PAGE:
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Ex-Civic Leader Sentenced For Molestation Former Kootenai Democratic Party Chief Apologizes To Step-Grandson

Thu., June 5, 1997

Coeur d’Alene attorney and community activist Bob Brown will spend six months in jail for molesting his 14-year-old step-grandson two summers ago, a judge decided Wednesday.

In an emotional hearing attended by his pastor, friends and prominent residents, the 60-year-old former chairman of the Kootenai County Democratic Central Committee issued a litany of apologies - to the boy and others he “shamed and embarrassed.”

“I knew it was wrong,” he said. “It was totally my fault.”

Brown pleaded guilty in March to lewd conduct with a minor for initiating oral sex with the boy.

Judge J. William Hart imposed a three- to 10-year prison sentence but suspended it in favor of probation and jail time.

Brown must also pay restitution to the victim for all costs associated with the molestation, undergo alcohol treatment and sexual identity therapy and perform 300 hours of community service.

If he successfully completes probation, the prison term will be erased.

Because of Brown’s prominence in Coeur d’Alene, the case was handled by a Minidoka County judge and prosecuted by Deputy Attorney General LaMont Anderson of Boise.

On Wednesday, Anderson argued Brown has a history of sexually deviant behavior with children. The prosecutor cited two other incidents of inappropriate conduct reported by one of Brown’s daughters and his stepson.

Anderson said he received numerous letters from “prominent citizens” expressing shock at the charges and characterizing Brown as an honest man and tireless contributor to the community.

“But people do not expect their friends are child abusers. Child abuse is a secret crime. Bob Brown also had a secret,” Anderson said.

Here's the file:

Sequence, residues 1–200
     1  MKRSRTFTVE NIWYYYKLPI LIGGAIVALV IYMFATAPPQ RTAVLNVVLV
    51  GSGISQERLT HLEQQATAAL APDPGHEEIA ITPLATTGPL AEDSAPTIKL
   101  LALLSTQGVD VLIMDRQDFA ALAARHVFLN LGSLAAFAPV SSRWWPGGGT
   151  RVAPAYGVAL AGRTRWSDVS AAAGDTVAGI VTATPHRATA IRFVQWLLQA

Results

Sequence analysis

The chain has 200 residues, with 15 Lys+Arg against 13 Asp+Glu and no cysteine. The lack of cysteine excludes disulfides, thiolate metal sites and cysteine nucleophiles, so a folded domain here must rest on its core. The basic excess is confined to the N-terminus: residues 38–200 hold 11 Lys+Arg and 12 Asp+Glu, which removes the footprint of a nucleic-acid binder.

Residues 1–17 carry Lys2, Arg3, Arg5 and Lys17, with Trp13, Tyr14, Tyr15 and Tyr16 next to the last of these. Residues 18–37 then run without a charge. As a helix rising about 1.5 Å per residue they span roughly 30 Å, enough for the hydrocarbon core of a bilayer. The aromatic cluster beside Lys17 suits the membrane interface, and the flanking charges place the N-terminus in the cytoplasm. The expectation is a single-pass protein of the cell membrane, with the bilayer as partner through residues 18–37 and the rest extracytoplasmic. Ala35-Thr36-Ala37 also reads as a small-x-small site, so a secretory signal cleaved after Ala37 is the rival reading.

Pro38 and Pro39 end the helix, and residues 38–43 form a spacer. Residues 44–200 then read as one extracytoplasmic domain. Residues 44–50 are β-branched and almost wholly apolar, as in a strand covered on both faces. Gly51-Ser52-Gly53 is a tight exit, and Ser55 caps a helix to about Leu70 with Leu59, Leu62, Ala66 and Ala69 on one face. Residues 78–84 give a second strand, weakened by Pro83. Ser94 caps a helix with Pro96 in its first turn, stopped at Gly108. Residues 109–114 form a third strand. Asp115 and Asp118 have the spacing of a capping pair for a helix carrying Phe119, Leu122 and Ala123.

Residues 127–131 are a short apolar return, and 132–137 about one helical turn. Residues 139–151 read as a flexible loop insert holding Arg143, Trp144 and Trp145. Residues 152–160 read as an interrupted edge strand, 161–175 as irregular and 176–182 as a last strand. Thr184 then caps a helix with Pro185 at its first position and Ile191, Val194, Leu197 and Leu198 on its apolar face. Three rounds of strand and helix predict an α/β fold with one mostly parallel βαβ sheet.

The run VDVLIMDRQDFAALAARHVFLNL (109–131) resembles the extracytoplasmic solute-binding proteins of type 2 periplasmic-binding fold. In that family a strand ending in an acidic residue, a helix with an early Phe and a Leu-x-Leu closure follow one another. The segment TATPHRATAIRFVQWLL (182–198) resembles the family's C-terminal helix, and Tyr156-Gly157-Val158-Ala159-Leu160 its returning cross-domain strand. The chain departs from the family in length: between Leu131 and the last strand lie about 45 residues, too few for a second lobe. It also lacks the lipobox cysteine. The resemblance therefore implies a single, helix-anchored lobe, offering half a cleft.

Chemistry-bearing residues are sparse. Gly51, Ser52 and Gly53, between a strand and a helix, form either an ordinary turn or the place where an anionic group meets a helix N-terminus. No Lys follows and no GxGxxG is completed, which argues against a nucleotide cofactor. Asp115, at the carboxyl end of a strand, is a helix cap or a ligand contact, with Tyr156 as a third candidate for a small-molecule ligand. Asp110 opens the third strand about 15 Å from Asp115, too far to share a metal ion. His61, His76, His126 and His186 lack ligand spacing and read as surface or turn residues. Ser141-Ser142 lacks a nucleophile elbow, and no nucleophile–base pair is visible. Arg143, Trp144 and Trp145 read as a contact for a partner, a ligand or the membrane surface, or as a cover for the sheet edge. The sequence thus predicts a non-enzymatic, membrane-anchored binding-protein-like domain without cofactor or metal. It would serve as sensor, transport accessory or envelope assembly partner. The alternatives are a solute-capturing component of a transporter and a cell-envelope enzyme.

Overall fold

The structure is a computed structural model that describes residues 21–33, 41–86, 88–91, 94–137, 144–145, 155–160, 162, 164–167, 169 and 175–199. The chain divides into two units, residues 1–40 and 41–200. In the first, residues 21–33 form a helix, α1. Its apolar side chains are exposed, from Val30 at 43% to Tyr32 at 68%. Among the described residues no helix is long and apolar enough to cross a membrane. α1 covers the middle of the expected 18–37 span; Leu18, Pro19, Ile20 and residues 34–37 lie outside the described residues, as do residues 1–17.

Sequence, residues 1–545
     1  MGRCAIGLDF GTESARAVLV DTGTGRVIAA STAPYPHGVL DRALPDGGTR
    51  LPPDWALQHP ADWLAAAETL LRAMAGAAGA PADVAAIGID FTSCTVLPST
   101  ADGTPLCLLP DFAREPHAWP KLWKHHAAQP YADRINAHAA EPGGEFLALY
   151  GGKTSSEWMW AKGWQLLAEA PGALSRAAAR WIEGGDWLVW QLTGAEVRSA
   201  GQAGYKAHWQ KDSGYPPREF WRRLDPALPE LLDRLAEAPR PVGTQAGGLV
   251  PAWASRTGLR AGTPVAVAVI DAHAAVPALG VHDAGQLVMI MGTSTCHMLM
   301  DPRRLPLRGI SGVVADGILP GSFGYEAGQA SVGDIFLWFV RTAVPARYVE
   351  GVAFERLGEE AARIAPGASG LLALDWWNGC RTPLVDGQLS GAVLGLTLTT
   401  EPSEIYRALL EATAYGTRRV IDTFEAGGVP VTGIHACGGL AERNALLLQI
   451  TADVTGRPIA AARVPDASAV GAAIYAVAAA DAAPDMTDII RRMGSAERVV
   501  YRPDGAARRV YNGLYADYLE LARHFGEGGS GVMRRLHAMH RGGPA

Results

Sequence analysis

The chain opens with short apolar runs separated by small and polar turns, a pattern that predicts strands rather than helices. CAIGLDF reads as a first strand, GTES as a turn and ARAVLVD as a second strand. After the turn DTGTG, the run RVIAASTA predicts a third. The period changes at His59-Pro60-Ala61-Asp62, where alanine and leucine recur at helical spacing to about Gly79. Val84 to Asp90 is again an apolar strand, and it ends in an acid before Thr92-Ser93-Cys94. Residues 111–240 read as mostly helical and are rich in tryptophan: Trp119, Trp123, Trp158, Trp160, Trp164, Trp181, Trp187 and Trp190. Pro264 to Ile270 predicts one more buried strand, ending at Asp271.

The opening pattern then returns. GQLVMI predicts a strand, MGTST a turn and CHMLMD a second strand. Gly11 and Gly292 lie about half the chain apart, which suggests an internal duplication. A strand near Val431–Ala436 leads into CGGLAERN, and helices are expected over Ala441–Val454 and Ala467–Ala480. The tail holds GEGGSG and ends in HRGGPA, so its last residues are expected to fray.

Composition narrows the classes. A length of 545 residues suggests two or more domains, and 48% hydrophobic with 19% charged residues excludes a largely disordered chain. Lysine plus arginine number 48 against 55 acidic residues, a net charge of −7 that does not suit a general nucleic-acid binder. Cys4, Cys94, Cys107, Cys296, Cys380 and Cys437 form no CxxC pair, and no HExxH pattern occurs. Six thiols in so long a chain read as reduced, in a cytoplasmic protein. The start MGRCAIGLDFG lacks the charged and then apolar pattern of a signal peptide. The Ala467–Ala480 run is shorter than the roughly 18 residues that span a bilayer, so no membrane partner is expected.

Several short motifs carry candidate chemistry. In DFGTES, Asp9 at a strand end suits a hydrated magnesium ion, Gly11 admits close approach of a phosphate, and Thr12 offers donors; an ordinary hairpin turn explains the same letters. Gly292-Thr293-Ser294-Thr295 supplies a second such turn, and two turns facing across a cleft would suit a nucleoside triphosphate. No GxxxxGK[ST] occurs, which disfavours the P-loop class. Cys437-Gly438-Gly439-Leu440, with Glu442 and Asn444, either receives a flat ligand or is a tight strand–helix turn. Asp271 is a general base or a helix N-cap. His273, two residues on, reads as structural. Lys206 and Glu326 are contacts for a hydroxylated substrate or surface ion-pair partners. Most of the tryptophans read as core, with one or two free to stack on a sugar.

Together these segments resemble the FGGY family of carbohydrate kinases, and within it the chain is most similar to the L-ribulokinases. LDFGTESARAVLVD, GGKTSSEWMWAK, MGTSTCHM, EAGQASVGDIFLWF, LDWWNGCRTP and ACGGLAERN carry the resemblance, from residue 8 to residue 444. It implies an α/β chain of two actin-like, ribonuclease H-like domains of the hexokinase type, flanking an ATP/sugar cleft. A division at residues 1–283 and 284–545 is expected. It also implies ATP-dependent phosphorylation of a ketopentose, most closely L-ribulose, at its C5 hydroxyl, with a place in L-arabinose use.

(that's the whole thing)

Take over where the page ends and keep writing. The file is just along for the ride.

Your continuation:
After molesting the boy, Brown repeatedly asked him not to tell anyone, Anderson said. It wasn’t until the next summer that the teen finally asked his mother to take him to a clinic for a physical exam. Since then, he has dropped out of school. He suffers from frequent migraine headaches and irrational fears.

Anderson credited Brown for admitting the crime, taking full responsibility and enrolling himself in alcohol-treatment and counseling programs.

But he criticized the defendant for not seeking out a sex offender specialist and asked why Brown’s doctors didn’t question him more about his sexual deviancy.

Anderson argued that a strong sentence, including jail time, was needed.

Society, he said, won’t tolerate two systems of justice - one for the rich and one for the masses. “Just because he’s a man of prominence and has done all these things doesn’t wash a great deal with me,” Anderson said.

Seeking leniency, defense attorney Tim Gresback said Brown is “getting to the roots of his aberrant behavior.”

He has quit numerous boards and organizations, resigned as a lawyer, divorced his wife, registered as a sex offender and remained sober for a year, Gresback said.

“I think a lesser man could have used the resources that Brown had in this community to further traumatize this child in a trial, and he chose not to do that,” Gresback said.

Calling it a “crime of vulnerability,” the judge said some time behind bars is appropriate.

Hart also suggested Brown spend 100 hours of community service in a soup kitchen, 100 hours volunteering for an alcohol-treatment program and 100 hours serving in a leadership role.

That, Hart said, would “allow the community to heal and acknowledge that while this is a very bad thing, some small good thing has come out of it.”

Afterward, Anderson called the sentence adequate. Kootenai County sheriff’s Detective K.E. Johnston said allowing Brown to serve 180 days in the county jail was “unusual but appropriate.”

“To some the sentence is too lenient; to others it is too harsh,” Gresback said later in a prepared statement.

“To me, this case is simply sad. Judgment, in the final sense, is to me based not only on our best or worst moments, but all of those in between. Bob Brown has nothing to fear.”

, DataTimes ILLUSTRATION: Color photo

MEMO: Cut in the Spokane edition.

Cut in the Spokane edition.

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